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Neural activity in the hippocampus predicts individual visual short-term memory capacity


von Allmen, David Yoh; Wurmitzer, Karoline; Martin, Ernst; Klaver, Peter (2013). Neural activity in the hippocampus predicts individual visual short-term memory capacity. Hippocampus, 23(7):606-615.

Abstract

Although the hippocampus had been traditionally thought to be exclusively involved in long-term memory, recent studies raised controversial explanations why hippocampal activity emerged during short-term memory tasks. For example, it has been argued that long-term memory processes might contribute to performance within a short-term memory paradigm when memory capacity has been exceeded. It is still unclear, though, whether neural activity in the hippocampus predicts visual short-term memory (VSTM) performance. To investigate this question, we measured BOLD activity in 21 healthy adults (age range 19–27 yr, nine males) while they performed a match-to-sample task requiring processing of object-location associations (delay period = 900 ms; set size conditions 1, 2, 4, and 6). Based on individual memory capacity (estimated by Cowan's K-formula), two performance groups were formed (high and low performers). Within whole brain analyses, we found a robust main effect of “set size” in the posterior parietal cortex (PPC). In line with a “set size × group” interaction in the hippocampus, a subsequent Finite Impulse Response (FIR) analysis revealed divergent hippocampal activation patterns between performance groups: Low performers (mean capacity = 3.63) elicited increased neural activity at set size two, followed by a drop in activity at set sizes four and six, whereas high performers (mean capacity = 5.19) showed an incremental activity increase with larger set size (maximal activation at set size six). Our data demonstrated that performance-related neural activity in the hippocampus emerged below capacity limit. In conclusion, we suggest that hippocampal activity reflected successful processing of object-location associations in VSTM. Neural activity in the PPC might have been involved in attentional updating.

Abstract

Although the hippocampus had been traditionally thought to be exclusively involved in long-term memory, recent studies raised controversial explanations why hippocampal activity emerged during short-term memory tasks. For example, it has been argued that long-term memory processes might contribute to performance within a short-term memory paradigm when memory capacity has been exceeded. It is still unclear, though, whether neural activity in the hippocampus predicts visual short-term memory (VSTM) performance. To investigate this question, we measured BOLD activity in 21 healthy adults (age range 19–27 yr, nine males) while they performed a match-to-sample task requiring processing of object-location associations (delay period = 900 ms; set size conditions 1, 2, 4, and 6). Based on individual memory capacity (estimated by Cowan's K-formula), two performance groups were formed (high and low performers). Within whole brain analyses, we found a robust main effect of “set size” in the posterior parietal cortex (PPC). In line with a “set size × group” interaction in the hippocampus, a subsequent Finite Impulse Response (FIR) analysis revealed divergent hippocampal activation patterns between performance groups: Low performers (mean capacity = 3.63) elicited increased neural activity at set size two, followed by a drop in activity at set sizes four and six, whereas high performers (mean capacity = 5.19) showed an incremental activity increase with larger set size (maximal activation at set size six). Our data demonstrated that performance-related neural activity in the hippocampus emerged below capacity limit. In conclusion, we suggest that hippocampal activity reflected successful processing of object-location associations in VSTM. Neural activity in the PPC might have been involved in attentional updating.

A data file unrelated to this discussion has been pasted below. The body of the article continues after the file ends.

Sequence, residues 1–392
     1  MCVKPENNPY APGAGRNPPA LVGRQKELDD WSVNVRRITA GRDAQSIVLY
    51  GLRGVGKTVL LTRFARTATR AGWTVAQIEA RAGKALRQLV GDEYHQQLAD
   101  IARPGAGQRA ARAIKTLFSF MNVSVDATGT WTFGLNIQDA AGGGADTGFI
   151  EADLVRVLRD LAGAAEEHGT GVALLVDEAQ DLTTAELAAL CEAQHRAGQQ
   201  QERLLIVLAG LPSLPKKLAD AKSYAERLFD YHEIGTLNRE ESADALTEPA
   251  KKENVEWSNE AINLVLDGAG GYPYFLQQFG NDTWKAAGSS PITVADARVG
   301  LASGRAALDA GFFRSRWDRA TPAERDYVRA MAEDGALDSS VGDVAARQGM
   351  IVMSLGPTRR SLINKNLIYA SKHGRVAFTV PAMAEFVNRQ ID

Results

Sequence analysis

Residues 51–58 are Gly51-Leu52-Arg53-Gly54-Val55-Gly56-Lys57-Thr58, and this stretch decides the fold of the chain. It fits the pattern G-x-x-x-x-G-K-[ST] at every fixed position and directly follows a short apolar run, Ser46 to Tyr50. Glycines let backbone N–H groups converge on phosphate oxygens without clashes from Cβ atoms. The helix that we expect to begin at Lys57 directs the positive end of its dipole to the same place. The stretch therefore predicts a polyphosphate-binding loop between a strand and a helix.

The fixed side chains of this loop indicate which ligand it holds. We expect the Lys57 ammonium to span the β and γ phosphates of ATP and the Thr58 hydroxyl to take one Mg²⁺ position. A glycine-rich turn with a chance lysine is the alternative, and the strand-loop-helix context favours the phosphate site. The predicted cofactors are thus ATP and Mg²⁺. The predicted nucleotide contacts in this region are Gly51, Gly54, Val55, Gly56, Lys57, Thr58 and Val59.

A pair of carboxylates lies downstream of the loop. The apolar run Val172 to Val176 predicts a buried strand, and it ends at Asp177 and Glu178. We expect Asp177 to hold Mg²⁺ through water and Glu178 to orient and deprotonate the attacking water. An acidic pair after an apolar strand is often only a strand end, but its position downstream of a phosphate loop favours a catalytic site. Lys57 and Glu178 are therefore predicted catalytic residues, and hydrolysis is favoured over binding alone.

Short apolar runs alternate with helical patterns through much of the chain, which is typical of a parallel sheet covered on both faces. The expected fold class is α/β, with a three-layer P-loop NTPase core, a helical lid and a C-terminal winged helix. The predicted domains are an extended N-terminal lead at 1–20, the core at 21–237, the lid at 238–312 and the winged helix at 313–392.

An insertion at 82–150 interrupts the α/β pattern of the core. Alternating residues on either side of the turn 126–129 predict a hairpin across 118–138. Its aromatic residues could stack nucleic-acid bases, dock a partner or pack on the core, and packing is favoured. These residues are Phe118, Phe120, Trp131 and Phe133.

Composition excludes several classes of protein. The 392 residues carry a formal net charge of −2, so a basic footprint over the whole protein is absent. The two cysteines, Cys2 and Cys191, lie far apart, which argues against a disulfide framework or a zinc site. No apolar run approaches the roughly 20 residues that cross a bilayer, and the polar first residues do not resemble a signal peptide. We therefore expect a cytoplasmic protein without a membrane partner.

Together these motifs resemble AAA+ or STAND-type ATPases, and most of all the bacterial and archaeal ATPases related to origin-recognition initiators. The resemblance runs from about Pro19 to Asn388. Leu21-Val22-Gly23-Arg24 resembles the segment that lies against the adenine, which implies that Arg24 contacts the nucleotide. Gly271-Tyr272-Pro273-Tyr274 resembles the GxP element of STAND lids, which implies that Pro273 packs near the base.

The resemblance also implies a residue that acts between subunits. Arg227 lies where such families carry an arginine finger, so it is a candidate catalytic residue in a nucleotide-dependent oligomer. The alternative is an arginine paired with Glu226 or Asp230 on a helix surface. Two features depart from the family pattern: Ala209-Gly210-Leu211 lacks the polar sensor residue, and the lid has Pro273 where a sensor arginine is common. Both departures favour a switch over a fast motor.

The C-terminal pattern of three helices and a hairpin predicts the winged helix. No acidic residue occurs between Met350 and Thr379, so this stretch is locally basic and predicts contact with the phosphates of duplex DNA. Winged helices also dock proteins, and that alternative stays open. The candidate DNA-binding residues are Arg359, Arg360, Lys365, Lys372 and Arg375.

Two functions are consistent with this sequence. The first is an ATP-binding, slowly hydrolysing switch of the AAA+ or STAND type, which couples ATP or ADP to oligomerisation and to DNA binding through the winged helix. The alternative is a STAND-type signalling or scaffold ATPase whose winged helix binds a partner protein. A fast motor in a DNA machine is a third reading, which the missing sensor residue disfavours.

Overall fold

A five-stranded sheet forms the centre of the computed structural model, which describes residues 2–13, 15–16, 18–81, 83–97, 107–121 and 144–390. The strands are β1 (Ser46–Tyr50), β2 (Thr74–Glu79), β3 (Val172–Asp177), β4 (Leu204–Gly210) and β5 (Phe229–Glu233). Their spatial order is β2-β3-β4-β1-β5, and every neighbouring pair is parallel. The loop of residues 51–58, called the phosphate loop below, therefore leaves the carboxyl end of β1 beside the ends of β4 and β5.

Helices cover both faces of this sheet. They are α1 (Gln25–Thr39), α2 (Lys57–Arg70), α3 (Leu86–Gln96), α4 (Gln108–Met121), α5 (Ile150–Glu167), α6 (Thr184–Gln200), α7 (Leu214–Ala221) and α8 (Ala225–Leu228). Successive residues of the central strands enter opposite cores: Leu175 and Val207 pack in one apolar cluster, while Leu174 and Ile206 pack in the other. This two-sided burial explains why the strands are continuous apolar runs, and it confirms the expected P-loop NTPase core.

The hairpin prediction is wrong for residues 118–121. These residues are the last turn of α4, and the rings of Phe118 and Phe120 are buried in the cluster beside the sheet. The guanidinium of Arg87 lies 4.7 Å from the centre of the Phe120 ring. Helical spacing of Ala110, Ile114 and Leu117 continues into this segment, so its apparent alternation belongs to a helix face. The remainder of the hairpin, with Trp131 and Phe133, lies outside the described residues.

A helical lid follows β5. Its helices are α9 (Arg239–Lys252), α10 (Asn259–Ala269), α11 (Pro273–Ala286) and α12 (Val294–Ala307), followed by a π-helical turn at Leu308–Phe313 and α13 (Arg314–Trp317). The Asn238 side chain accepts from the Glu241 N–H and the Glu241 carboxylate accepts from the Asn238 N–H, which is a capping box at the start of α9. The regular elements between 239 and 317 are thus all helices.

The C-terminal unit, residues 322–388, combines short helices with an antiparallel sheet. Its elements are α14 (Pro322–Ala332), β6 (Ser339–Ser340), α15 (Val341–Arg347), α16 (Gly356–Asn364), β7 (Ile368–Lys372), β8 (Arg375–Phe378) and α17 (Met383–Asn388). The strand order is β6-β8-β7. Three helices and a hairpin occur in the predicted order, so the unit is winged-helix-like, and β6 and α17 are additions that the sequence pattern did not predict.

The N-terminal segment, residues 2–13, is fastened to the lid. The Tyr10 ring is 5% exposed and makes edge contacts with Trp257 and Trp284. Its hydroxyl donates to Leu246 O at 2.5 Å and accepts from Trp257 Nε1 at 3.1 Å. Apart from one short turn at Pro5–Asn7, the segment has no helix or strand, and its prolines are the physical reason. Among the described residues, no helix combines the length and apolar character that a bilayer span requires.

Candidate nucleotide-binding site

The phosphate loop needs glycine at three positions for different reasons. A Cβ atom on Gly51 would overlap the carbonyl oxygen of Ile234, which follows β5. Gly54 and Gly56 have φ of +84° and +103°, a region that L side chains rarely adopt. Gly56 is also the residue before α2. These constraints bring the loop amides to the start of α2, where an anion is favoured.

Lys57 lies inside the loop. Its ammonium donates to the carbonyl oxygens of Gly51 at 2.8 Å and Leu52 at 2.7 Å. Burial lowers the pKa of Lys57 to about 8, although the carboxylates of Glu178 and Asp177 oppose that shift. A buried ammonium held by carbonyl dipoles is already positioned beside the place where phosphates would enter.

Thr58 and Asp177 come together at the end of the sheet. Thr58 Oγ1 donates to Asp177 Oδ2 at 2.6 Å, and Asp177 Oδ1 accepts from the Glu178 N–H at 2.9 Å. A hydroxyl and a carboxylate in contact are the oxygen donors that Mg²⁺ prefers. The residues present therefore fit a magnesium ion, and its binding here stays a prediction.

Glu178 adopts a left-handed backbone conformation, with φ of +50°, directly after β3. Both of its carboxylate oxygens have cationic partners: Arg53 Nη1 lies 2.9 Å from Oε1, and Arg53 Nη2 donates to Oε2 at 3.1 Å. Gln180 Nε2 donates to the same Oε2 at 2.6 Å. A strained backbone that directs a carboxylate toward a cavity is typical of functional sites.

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11 citations in Web of Science®
11 citations in Scopus®
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Additional indexing

Item Type:Journal Article, refereed, original work
Communities & Collections:04 Faculty of Medicine > University Children's Hospital Zurich > Medical Clinic
04 Faculty of Medicine > Neuroscience Center Zurich
04 Faculty of Medicine > Center for Integrative Human Physiology
06 Faculty of Arts > Institute of Psychology
Dewey Decimal Classification:570 Life sciences; biology
150 Psychology
610 Medicine & health
Language:English
Date:20 March 2013
Deposited On:25 Apr 2013 09:20
Last Modified:05 Apr 2016 16:44
Publisher:Wiley-Blackwell
ISSN:1050-9631
Publisher DOI:https://doi.org/10.1002/hipo.22121
PubMed ID:23519991

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